- Nomad GoalZero solar kit and battery - this was really useful for charging my iphone every day. I was able to log every day’s hike and this solar kit for $100 from REI worked out well enough that I just hung the panels on my backpack each day, and charged my phone at night. I had an old iphone with gps.
- Some gps altitude app that shows me altitude based on GPS but didn’t need signal. I can’t remember the name, but used it and screenshot each day. I can’t find the screenshots, but recorded the altitudes into my diary.
- Moleskine Squared Reporter Hardcover (that the don’t make any more).
- Some astronaut pen that wrote in subzero temperatures, upside down, and under pressure.
Medications and Vaccinations
People debate whether to take Diamox or not. I read about the side effects and they were minimal so I went to a travel clinic for my vaccinations and had them give me a prescription for Diamox. I tested it out for a few days to see if I had any negative effects, and didn’t. So I took it throughout my trip. It did make me urinate a bit more than usual, but that’s not so bad as you want to drink lots of water.
I also took Malarone to protect against Malaria and took that before leaving the US and after returning. Got the same prescription from my travel clinic. I’ve taken it a few times for other trips since then and haven’t had any negative effects.
I had a prescription for xanax and took that some nights to help sleep through the screaming animals (monkeys maybe) and cold. Some people advise against this, but I think it was a life saver as it can be hard to sleep when it’s 0 degrees and you have altitude adjustment and are on the side of a mountain.
My travel clinic gave me the following vaccinations:
- Hepatitis B
- Meningococcal meningitis
I already had Hepatitis A and Yellow Fever from a previous trip and they were still good. I also had DPT and MMR.
CDC recommends Rabies but I didn’t get it as it’s expensive, has multiple courses, and it’s extremely rare to encounter wildlife on Kilimanjaro. If I had gone on a safari, I would have considered it more.
I was really into quantified self back in 2011 and 2012 so I wanted to make sure to keep a log each day. I used a fitbit to track my exercise and food and lost 120+ pounds. And I used RunKeeper to log each hike throughout the day. And kept a paper record in my notebook.
I didn’t find any detailed logs of the actual hikes, so I thought I would capture it all here in case people wanted to see specific routes, distances, times, altitude, etc. Of course, it’s 11 years later, but then the best time to plant a tree is 20 years ago and the second best is today.
Runkeeper doesn’t really have a nice way to share or embed these hikes any more, so I’m just screenshotting each one. I’ve used runkeeper forever and it’s nice they keep the data, but I wish they had better exports.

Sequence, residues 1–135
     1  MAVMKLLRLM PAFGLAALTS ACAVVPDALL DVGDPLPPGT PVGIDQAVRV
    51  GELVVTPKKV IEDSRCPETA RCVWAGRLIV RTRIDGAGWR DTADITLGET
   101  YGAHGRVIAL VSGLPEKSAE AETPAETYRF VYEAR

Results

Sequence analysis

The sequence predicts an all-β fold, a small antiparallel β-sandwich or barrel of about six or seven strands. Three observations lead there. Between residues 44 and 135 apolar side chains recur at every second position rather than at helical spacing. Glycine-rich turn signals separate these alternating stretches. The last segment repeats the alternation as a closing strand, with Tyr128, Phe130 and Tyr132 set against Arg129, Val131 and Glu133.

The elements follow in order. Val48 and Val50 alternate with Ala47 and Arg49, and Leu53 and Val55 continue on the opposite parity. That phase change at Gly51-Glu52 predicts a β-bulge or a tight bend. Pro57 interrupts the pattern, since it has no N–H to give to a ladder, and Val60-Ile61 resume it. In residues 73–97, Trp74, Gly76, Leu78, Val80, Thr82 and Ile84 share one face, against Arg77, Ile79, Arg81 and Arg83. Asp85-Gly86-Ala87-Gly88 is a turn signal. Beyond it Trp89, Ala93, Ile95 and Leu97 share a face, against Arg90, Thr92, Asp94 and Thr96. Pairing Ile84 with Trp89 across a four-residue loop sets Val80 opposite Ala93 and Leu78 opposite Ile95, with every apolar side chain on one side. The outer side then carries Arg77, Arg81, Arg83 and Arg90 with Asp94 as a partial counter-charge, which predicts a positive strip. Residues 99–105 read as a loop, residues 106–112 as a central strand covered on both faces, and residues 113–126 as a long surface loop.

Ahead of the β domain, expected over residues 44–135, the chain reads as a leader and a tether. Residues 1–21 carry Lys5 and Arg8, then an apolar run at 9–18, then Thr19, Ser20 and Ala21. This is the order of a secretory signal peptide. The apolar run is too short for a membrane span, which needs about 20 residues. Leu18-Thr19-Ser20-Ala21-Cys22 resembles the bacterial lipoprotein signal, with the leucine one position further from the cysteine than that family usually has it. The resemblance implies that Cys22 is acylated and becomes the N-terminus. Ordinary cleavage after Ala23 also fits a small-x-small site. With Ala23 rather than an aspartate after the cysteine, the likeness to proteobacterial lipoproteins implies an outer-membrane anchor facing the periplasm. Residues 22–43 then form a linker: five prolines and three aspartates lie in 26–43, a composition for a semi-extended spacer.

I flew ATL->JFK->AMS->JRO and arrived on 9/27 and stayed in Kilimanjaro Mountain Resort in Marangu.
September 28, Friday
9/28 - stayed in hotel in Marangu with a trip into Moshi for shopping. Prep day to get over jet lag. $80 for the taxi from hotel to Moshi and back. Paid for everything in the trip in US dollars.
Comically, this is the only day I got a photo of Kilimanjaro looming in the distance. You could see it through the trees from the hotel. I spent the entire trek with Kilimanjaro slowing getting closer and then farther away. I must have looked at it 2,000 times. But never too a picture. Each time looking at it, I was tired and looking at where I was going and never took a photo.
September 29 (Day1), Saturday
5.54 miles, 641 meters gained. Camped at 2,641 meters.
Started at 1035 at the base of Rongai route. Made camp at 3pm. Started at 2,000 meters and set camp at 2,641. After camp, took a 45 minute walk up and back for acclimatization.
4 specific segments for today’s hikes.
Day1-Hike1, 2.00 miles, 1 hour, 14 minutes, finished at 12:15pm
Day1-Hike2, 1.26 miles, 44:30, finished at 1:54pm
Day1-Hike3, 1.06 miles, 43:42, finished at 3:03pm
Day1-Hike4, 1.22 miles, 46:02, finished at 4:18pm
September 30 (Day2), Sunday
6.92 miles, 1018 meters gained. Camped at 3,659 meters.
4 segments today as well.
Day2-Hike1, 1.73 miles, 1:05:29, finished 9:42am
Day2-Hike2, 1.38 miles, 1:43:46, finished 11:24am
Day2-Hike3, 2.25 miles, 1:37:46, finished 2:57pm
Day2-Hike4, 1.56 miles, 1:21:00, finished 4:37pm
October 1 (Day3), Monday
2.20 miles, 677 meters gained. Camped at 4,336 meters.
Just a short distance today, but a lot of altitude gained. Camped at Mawenzi Tarn at the base of Mawenzi Peak. This is the first day I really started to notice Acute Mountain Sickness (AMS). I had “thick thinking” where it would just take a long time to think through things, it took me 3 minutes to put batteries in my headlamp and that would normally take 30 seconds.